Another scholar who picked up Marx's ideas is Valdimir Lenin. Lenin, becoming involved with the socialist movement organized the Union of Struggle for the Emancipation of the Working Class. Lenin was born on April 10, 1870 in Simbirsk, Russia. Lenin's older brother, Aleksandr was a big influence on Lenin and was a hero in Lenin's eyes. The execution of Aleksandr in 1887 devastated Lenin. The death of his brother encouraged Lenin to become involved in the social change as Aleksandr had done. Lenin became involved in underground organizations of the production of communist literature. Lenin was an influential figure in the movement towards communist and used many of Marx's ideas for the foundation of his own thinking (Vladimir Lenin).

Texts Under a Marxist Lens

The application of Marxist theory to literature serves to illuminate the economic and societal norms that typify the lens. Professor Juliet Schor’s “Decommercialization of Childhood” article illustrates the “have vs. have-not” viewpoint on a domestic level, detailing the pressure marketing and industry places on American youth to find success through materialism.

The oppression of the proletariat occurs not only economically but culturally as well. Schor’s article addresses concerns of parents toward their children and the corporate influence of television, movies and music. Schor, by her own admission, understands these concerns are “typically middle class” (12), as advertising and marketing target children in this demographic. Her analysis stresses the need for parents to construct healthy environments that educate and inform children of the peer pressures of advertising and media, which places a great deal of emphasis on the purchase or consuming of certain products in order to “fit in.” Importantly, Professor Schor notes that the influence of corporate culture can easily seep into “low-income and single-parent households, whose members usually have long hours and inflexible jobs, ever-present financial worries, and high-stress lives” (14).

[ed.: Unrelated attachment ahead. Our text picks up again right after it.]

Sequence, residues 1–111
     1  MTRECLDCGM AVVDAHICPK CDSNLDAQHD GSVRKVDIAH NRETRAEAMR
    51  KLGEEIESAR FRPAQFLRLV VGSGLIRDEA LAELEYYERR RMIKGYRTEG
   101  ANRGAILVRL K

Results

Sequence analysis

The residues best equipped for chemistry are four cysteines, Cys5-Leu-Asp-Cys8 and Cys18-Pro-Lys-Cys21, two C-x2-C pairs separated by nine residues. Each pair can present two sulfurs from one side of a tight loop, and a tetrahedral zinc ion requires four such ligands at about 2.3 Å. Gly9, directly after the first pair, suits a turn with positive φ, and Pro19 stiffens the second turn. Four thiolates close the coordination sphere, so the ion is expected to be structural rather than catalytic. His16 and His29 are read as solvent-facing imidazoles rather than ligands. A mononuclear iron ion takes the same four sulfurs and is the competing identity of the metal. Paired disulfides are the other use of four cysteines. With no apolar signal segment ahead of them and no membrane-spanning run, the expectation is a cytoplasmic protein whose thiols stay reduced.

Short of becoming a Marxist text in all but name, Schor makes a point to distinguish between economic practices between children and the greater capitalist world, stating that “big businesses rather than a generic world of money are the forces that children need to be protected from” (15). Healthy practices like trading cards and toys provide interaction among children, which can be encouraged and enabled independently of the corporate culture from which parents strive to shield their offspring (Schor 14). Schor does not advocate isolationism or a class uprising, but her call for oversight and protection of children’s development is a balanced tone of moderation that doesn’t dispel the obvious Marxist undertones.

The Marxist lens also yields fascinating results when applied to texts of other fields, such as Andrea Dworkin’s pro-feminist piece “I Want a Twenty-Four Hour Truce During Which There is No Rape.” Though coming from a feminist angle, Dworkin approaches the inequality between male and female with a Marxist’s edge, noting especially the economic disparities that make industries like pornography possible and keeping women forever docile. According to Dworkin, male supremacy—the bourgeois analog—means “you can hit…hurt…buy and sell women. It means that there is a class of people there to provide you with what you need. You stay richer than they are, so that they have to sell you sex. Not just on street corners, but in the workplace” (333).

Despite the severity of Dworkin’s rhetoric, she deviates from a straightforward Marxist interpretation by offering compromise to her oppressors. Instead of a proletariat vs. bourgeoisie dichotomy, in which there can be only one victor and no compromise, Dworkin makes a point to affirm the humanity of her enemies, the male (337). She is careful not to stoop to the perceived level of the oppressor, never treating her opponents as inferior even though the urge to do so is great. Dworkin understands the viewpoint of some men, fearful that if women were to get the “upper hand” in society, men would be delegated to the same second-class status women experience today. Contrary to a strictly Marxist viewpoint, Dworkin would rather share society with a reformed bourgeoisie rather than dissolve it altogether.

Notable Links

Works Cited:

Brooks, Mick. "Primitive Communism." Historical Materialism 1998: Web. February 2011.

Dworkin, Andrea. "I Want a Twenty-Four Hour Truce During Which There is No Rape." Letters from a War Zone, 162-71. New York: E.P. Dutton, 1989. Print. 28 Feb. 2011.

"Engels, Friedrich (1820-1895)." Hutchinson Unabridged Encyclopedia. 08 Sep. 2005. eLibrary. Web. 03 Mar. 2011.

Followers, Blind. "Marxism-Leninism." The worker 26 September 2010. Web. 4 March 2011.

Hunt, Tristram. "No Marx without Engels." History Today 4(2009):48. eLibrary. Web. 03 Mar. 2011.

Lenin, Vladimir. ABC-CLIO Interactive, 2001. eLibrary. Web. 03 Mar. 2011.

Marx, Karl. ABC-CLIO Interactive, 2001. eLibrary. Web. 03 Mar. 2011.

Prychitko, David. "Marxism." 2008: Libery. Web. 27 Feb. 2011.

Schor, Juliet B. "Decommercialization of Childhood." Born to Buy 2004. Random House, Inc. Print. 01 Mar. 2011.